Little signs ‘licensing freedom’ and ‘red tape reduction’ executive orders

February 2, 2019
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Gov. Brad Little has long been pushing to reduce occupational licensing regulations starting in 2017 when as Lieutenant Governor he implemented the “Licensing Freedom Act” on Jan. 31 in Boise.

BOISE — Idaho Gov. Brad Little signed two executive orders Thursday aimed at streamlining and reducing state occupational licensing rules and regulations, saying, “We need to assure the cumulative effects of rules and licensing is as citizen-friendly as possible.”

The orders build on the “Licensing Freedom Act” executive order he signed in 2017 as acting governor while he was Idaho’s lieutenant governor; that ordered a systematic review of all state occupational licensing rules.

The first of the two orders extends that act, creating “sunrise and sunset” processes for future occupational licensing laws. Those would require that when they’re created, they’re evaluated to ensure they’re necessary; and that the state review a portion of all such laws each year, with an eye to eliminating any that are no longer necessary.

The second order, dubbed the “Red Tape Reduction Act,” requires state agencies that issue new administrative rules to identify at least two existing rules to be repealed or significantly simplified for every new one they propose.

Little, who signed his executive orders behind a big stack of thousands of pages of state regulations and next to a large, tabletop, fine-print display of the 736 chapters of Idaho’s administrative code, said none of the moves to reduce regulations will happen if they’d hurt public safety. “That is an uncompromising position,” he said. But, gesturing toward the displays, he said, “If you read through all those, you’re going to see a lot of ’em that have nothing to do with safety.”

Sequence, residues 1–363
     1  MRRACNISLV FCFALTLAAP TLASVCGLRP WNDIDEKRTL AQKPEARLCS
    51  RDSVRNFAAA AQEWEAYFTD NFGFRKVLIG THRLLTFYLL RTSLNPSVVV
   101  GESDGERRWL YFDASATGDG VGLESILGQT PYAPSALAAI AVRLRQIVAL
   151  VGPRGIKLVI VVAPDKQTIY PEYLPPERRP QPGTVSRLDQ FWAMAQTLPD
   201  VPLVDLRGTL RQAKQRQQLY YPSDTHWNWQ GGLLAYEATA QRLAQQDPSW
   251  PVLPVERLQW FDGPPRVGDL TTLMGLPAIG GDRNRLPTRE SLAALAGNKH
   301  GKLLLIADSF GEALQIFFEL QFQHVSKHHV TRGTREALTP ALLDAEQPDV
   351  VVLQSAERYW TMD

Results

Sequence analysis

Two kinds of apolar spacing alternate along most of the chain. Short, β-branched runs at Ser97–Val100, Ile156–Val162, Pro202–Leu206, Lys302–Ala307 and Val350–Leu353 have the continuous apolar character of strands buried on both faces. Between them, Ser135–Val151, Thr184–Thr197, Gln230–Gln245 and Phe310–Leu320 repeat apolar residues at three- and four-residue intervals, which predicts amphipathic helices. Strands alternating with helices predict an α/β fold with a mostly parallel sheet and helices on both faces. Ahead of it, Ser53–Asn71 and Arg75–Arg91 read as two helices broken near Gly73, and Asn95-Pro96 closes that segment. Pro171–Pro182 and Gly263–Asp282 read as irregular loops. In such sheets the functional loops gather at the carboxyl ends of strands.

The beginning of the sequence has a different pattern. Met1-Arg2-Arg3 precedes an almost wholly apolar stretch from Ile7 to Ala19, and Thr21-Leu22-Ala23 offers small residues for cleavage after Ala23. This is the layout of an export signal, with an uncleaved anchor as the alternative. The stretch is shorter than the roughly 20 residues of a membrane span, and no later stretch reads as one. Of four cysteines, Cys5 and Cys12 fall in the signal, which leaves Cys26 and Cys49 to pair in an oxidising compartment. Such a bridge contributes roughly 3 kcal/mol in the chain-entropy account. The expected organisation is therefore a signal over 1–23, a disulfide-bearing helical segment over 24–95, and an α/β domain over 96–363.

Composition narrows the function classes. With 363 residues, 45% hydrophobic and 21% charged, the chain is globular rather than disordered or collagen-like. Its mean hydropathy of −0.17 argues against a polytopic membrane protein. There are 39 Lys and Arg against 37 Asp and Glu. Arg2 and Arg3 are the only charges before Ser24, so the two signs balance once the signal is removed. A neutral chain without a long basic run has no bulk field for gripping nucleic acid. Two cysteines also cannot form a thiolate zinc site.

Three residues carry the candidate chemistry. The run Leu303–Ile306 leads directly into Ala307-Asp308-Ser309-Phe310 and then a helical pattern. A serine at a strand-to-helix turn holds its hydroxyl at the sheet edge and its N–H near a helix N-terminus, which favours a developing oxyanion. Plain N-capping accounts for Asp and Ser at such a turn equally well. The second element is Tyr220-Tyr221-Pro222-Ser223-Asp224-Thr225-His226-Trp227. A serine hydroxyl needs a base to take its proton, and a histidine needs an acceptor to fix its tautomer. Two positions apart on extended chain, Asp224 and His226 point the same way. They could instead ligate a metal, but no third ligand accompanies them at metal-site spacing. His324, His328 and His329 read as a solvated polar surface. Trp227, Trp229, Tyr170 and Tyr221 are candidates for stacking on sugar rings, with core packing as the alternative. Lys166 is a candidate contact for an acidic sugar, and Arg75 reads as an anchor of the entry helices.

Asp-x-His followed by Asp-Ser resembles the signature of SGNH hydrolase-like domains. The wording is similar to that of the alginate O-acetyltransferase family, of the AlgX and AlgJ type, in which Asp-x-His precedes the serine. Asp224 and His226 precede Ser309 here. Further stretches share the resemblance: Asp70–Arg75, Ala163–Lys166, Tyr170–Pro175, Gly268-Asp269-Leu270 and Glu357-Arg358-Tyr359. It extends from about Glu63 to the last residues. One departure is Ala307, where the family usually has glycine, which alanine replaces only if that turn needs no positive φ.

Even on such issues as electrical industry rules, he said, professionals have told him that sometimes rules stacked on top of other rules don’t match up, creating “a bigger hazard. … They didn’t look at it holistically and say, ‘What do we ultimately want to do to make sure things are safe?’ Our intent is that public safety is the No. 1 issue.”

Little said the statewide review found that there are at least 442 different occupational license types administered by 13 executive branch agencies and 47 boards and commissions. “It was the first comprehensive review of occupational licensing in more than 40 years,” he said.

Some changes already have been made to winnow that down, he said, such as combining the licensing boards for cosmetologists and barbers.

Asked about the fact that Idaho, unlike many states, doesn’t license building contractors, though it licenses many other occupations from driving instructors to boxing ring officials, Little was non-committal about addressing that. “The agreement, the consensus between the executive branch and the legislative branch will set the standard for what we’re doing going forward,” he said.

Four lawmakers who serve on a legislative interim committee examining occupational licensing rules applauded the governor’s new executive orders. “The goal is to make job entry more easily available as well as public safety,” said Sen. Jim Patrick, R-Twin Falls, Senate Commerce chairman. “We don’t need a license for everything we do.”

Rep. Gayann DeMordaunt, R-Eagle, the House co-chair of the interim committee, said the group will be proposing legislation later this session regarding military veterans and occupational licensing. “We have seen a seriousness from the executive branch in terms of tackling this,” she said. “Working in collaboration with the executive branch, it’s been terrific to see us move forward in terms of removing some of those barriers to occupations throughout the state.”

Sen. Todd Lakey, R-Nampa, the Senate co-chair of the interim committee, said lawmakers recently attended a workshop with a consortium of 17 states that all are looking at occupational licensing reform. “One state had a proposal to license dog walkers,” he said.

Little interjected, amid laughter, “That’s out.”

Lakey said, “Because that state had a sunrise provision, they were able to kind of thank those folks but discourage them from bringing that forward.”

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